Protection against power cuts?
Thread poster: Joanne Parker

Joanne Parker  Identity Verified
Local time: 04:09
Member (2002)
German to English
Feb 19, 2004


While surfing, I've just had two consective power cuts. The lights in my flat just flashed on and off, but that was enough to make my PC restart. Twice. This got me thinking how lucky it was that I wasn't working (I'd just finished editing a 116 page document!).

What measures do you have in place? Do you have a UPS or just an anti-surge device? Would an anti-surge device be ok with such power cuts?




Ralf Lemster  Identity Verified
Local time: 05:09
English to German
+ ...
UPS, definitely Feb 19, 2004

Hi Joanne,
A UPS is definitely worth the investment - it's not just power cuts to worry about, but also surges or sags in the power supply (which are nicely evened out by the UPS).

I use two APC SmartUPS - one on my server, and another one on two workstations.

HTH, Ralf


Ulrike Lieder (X)  Identity Verified
Local time: 20:09
English to German
+ ...
UPS Feb 20, 2004

In our neck of the woods, sometimes all it takes is a car running into a power pole (and you'd be surprised how often that happens, even when the weather is good), and bam, the power goes out.

I have a UPS (which in turn is plugged into a surge protector - our power is real "dirty"). Mind you, the UPS is not big enough to keep the computer running for a long time (I think it's about 20 minutes or so), but it certainly is enough to let me shut everything down in an orderly fashion and switch to the laptop (which has 2 batteries).


Oleg Sollogub  Identity Verified
Local time: 08:09
English to Russian
+ ...
UPS is not a luxury Feb 20, 2004

All my servers (I work as IT Manager, BTW) are powered through UPS (APC Smart UPS). I also use a UPS at home (though the power conditions are not really bad in the place where I live).
If you use a UPS, a surge protector is not really necessary. In your case, UPS would certainly help, which could not be guaranteed with a surge protector alone.
Note that UPS is not usually supposed to work on the battery for an extended period of time. The real goal is to have enough time to save your files and shut down the system safely.
System shut down could also be configured to happen automatically when power outage occurs (if the power is not restored during a pre-determined period of time, say 5 or 10 minuts). This feature is supported by some advanced UPS devices (like APC Smart UPS) and usually used for servers.


Joanne Parker  Identity Verified
Local time: 04:09
Member (2002)
German to English
UPS Feb 20, 2004

OK, thanks for your advice everyone, I'll buy a UPS this weekend. My first job after leaving uni involved selling software for UPSs, I never imagined in a hundred years that I would end up buying one of the things!

Thanks again,



Catherine Bolton  Identity Verified
Local time: 05:09
Italian to English
+ ...
Just bought one last week Feb 20, 2004

I got tired of the little blips that were enough to make the lights flicker -- and turn off the computer.
So I had one installed a week ago today. Just yesterday, in the middle of a heavy PowerPoint doc, the lights flickered, my little friend kicked into action, and I kept working.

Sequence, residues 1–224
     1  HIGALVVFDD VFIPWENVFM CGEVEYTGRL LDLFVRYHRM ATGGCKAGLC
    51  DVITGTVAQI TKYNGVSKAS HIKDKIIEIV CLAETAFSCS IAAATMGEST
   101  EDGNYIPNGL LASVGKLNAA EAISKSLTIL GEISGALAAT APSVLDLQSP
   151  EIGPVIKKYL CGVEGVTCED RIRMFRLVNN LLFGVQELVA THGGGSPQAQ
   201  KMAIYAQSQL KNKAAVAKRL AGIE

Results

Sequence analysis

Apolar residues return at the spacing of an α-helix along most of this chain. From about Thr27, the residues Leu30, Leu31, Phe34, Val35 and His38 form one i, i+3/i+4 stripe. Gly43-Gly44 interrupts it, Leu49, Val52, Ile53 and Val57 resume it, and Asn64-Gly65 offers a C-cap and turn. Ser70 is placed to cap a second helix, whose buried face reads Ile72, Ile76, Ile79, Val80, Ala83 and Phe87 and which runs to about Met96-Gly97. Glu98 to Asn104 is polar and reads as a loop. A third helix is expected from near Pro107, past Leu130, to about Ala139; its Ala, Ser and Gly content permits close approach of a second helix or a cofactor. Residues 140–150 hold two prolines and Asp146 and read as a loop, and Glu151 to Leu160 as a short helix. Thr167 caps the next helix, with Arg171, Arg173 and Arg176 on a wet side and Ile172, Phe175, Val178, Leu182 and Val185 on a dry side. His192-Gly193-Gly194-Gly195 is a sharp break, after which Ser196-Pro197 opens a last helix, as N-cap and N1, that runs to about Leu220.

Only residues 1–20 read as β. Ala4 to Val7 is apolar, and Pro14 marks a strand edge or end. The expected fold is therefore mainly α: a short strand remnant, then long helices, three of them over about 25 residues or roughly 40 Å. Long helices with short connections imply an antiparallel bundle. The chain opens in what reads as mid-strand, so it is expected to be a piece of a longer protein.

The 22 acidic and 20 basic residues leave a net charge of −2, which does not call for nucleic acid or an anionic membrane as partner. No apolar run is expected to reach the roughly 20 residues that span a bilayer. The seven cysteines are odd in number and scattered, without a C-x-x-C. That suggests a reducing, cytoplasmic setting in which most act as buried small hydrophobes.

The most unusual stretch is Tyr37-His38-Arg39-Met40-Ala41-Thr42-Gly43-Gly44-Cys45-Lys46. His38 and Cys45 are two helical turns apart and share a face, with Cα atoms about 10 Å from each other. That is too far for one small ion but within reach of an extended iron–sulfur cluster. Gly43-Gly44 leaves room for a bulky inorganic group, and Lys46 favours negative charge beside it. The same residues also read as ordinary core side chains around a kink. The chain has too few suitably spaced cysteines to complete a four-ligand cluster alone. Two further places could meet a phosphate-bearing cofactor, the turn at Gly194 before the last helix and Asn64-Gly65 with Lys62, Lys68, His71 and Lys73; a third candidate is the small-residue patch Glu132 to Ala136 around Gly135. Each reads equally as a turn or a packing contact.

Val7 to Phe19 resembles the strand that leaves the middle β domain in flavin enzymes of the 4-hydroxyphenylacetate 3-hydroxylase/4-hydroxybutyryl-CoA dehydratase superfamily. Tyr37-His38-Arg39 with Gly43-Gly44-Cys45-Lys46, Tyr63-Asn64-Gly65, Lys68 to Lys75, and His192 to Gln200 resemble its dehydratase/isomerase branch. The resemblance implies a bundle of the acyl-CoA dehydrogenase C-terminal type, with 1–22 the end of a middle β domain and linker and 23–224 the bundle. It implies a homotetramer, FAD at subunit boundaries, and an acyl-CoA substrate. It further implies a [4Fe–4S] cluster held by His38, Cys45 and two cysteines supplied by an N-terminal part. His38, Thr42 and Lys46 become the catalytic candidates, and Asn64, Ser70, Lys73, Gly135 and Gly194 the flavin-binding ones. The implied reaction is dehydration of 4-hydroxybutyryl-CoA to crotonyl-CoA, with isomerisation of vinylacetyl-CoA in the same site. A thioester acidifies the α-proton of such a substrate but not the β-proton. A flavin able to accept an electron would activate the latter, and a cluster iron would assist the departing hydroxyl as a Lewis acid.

Boy I am glad I bought it!

RE the autonomy -- 20 minutes during an outage is plenty of time to shut down normally!

[Edited at 2004-02-20 09:19]


Samuel Murray  Identity Verified
Local time: 05:09
Member (2006)
English to Afrikaans
+ ...
UPS and power generator Feb 20, 2004

Joanne Parker wrote:
What measures do you have in place? Do you have a UPS or just an anti-surge device?

I don't know what an anti-surge device is, but a USP is definitely your answer. Some UPSs also protect against lightning strikes (but make sure before buying).

If your life and income depends on having power, and your area suffers from extended power failures, consider buying a small fossil fuel powered generator. I'm serious. Remember New York. Remember California. Your laptop or UPS battery might not last more than a couple of hours.


Nigel Skipper (X)
Local time: 05:09
Swedish to English
Everyone who relies on a computer for their living should have a UPS! Feb 20, 2004

After a number of very irritating brown outs/black outs, I bought an APC UPS. I was suprised at the fact that it only cost me about $130 (here in Sweden!) incl. VAT. I now have no more problems with my electicity supply and to my surprise I have discovered that my incoming mains supply is full of trash! spikes, overtones, micro drop-outs, I've got the lot! I can now save a graph of my mains history and use ít to complain to electricity supplier!
Since I have an LCD screen, I can run my system for about 40 minutes on the UPS (and that also includes the wireless LAN modem/transceiver for my broadband).



DGK T-I  Identity Verified
United Kingdom
Local time: 04:09
Georgian to English
+ ...
Slightly OT but following on from comments about spikes & surges & trashy electrical supplies Feb 20, 2004

How vulnerable or otherwise is a laptop to ill-effects from these (when plugged into the mains - ie: does its transformer, etc , deal with them at all) and is the risk simply one of the computer being burnt out or its components damaged, or scrambling of software & data (or both)?

Giuli ~
~English Russian Georgian~

[Edited at 2004-02-20 22:22]


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